The process for exporting organic produce into China has been made much easier following the March 2014 signing of the Australia-China Organic Trade Access Agreement. The agreement is predicted to boost Australia's organic and biodynamic industry by up to A$100 million per year, significantly improve the organic export process and help Australian food producers to meet demand for these premium products.
Following years of passionate public debate and some recent controversy, the Australian and New Zealand food regulation ministers have agreed to the formal implementation of the front-of-pack health star rating (HSR) system. The decision arose out of a legislative and governance forum on food regulation. While a decision to proceed with the HSR system roll-out has been agreed, changes have been made to the original plans.
In the battle over consumer spending, product differentiation through labelling and marketing can make a significant difference in sales. However, food labelling and marketing is a minefield of regulation. Therefore, food businesses must take care when making food claims to ensure that they meet any prescriptive compositional and disclosure requirements, are accurate and can be substantiated if ever challenged.
The Australian Competition and Consumer Commission (ACCC) recently commenced proceedings against Reebok for representations made in relation to its EasyTone shoes, alleging false, misleading or deceptive representations. Among other things, the ACCC is seeking non-party consumer redress (refunds for consumers who purchased the shoes).
A recent High Court decision confirms the proper method for formulating damages for breach of contract: how to determine how much is to be paid by the party in breach of its obligations. The decision acts as a reminder that parties should return to basic principles of common law when assessing damages and stick to those principles even when they lead to unexpected results.
The Victoria Supreme Court recently restrained a plaintiff in a group proceeding from reliance on a document in its statement of claim that contained "highly sensitive legal advice" and was confidential to Leighton Holdings. The decision demonstrates the importance given to confidential information in circumstances where there is actual or threatened use of such information.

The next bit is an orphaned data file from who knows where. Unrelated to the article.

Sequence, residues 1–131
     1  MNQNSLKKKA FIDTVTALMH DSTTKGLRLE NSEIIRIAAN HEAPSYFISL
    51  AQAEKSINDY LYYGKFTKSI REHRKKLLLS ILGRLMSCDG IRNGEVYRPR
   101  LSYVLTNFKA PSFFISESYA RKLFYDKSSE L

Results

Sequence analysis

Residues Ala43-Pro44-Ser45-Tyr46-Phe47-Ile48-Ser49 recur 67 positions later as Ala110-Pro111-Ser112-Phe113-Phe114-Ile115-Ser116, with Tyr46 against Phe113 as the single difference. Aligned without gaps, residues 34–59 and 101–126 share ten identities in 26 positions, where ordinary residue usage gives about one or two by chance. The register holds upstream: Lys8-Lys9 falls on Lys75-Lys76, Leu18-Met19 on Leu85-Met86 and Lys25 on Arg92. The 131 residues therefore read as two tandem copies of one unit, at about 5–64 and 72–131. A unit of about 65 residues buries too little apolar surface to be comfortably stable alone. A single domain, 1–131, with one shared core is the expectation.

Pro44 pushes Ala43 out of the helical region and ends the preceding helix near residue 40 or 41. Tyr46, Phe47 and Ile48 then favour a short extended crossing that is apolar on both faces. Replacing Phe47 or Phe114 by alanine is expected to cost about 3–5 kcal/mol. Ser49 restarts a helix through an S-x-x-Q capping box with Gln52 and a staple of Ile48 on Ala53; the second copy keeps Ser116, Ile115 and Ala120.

The Federal Court recently handed down its judgment in proceedings involving fake testimonials and false and misleading comments about the country of origin of solar panels supplied by Euro Solar and Australian Solar Panel. The court ordered Euro Solar and Australian Solar Panel to pay combined penalties of A$125,000 and their sole director to pay a penalty of A$20,000 for his involvement in the conduct.
The Australian Competition and Consumer Commission has commenced proceedings in the Federal Court against PZ Cussons Australia Pty Ltd and Colgate Palmolive Pty Ltd, alleging that they had made and gave effect to a cartel and engaged in anti-competitive conduct relating to their ultra-concentrate products. Unilever Australia Limited was also alleged to be a participant, but it has applied for immunity.
It is common for liquidators to work with a few firms or individuals, and for referrals to be predominantly distributed among those parties. The Federal Court recently considered when that relationship might amount to a conflict. The case serves as a reminder to all insolvency practitioners to ensure that all relevant relationships are properly disclosed upon consenting to being appointed as administrator or liquidator to a company.
Insolvency practitioners are increasingly aware of the potential for incurring personal liability under civil penalty provisions for contraventions of the Fair Work Act and how they can protect themselves from claims when accepting appointments. The Federal Court of Australia recently issued its decision considering the liability of company directors and receivers for unpaid employee entitlements in one such case.
The New South Wales Supreme Court recently held that a forced sale of shares to a consortium of existing shareholders under a drag-along clause in a shareholders' agreement amounted to a breach of the agreement. The court awarded damages in favour of the ousted shareholders. The decision highlights the importance of giving careful consideration to pre-emptive rights and exit mechanisms in such an agreement.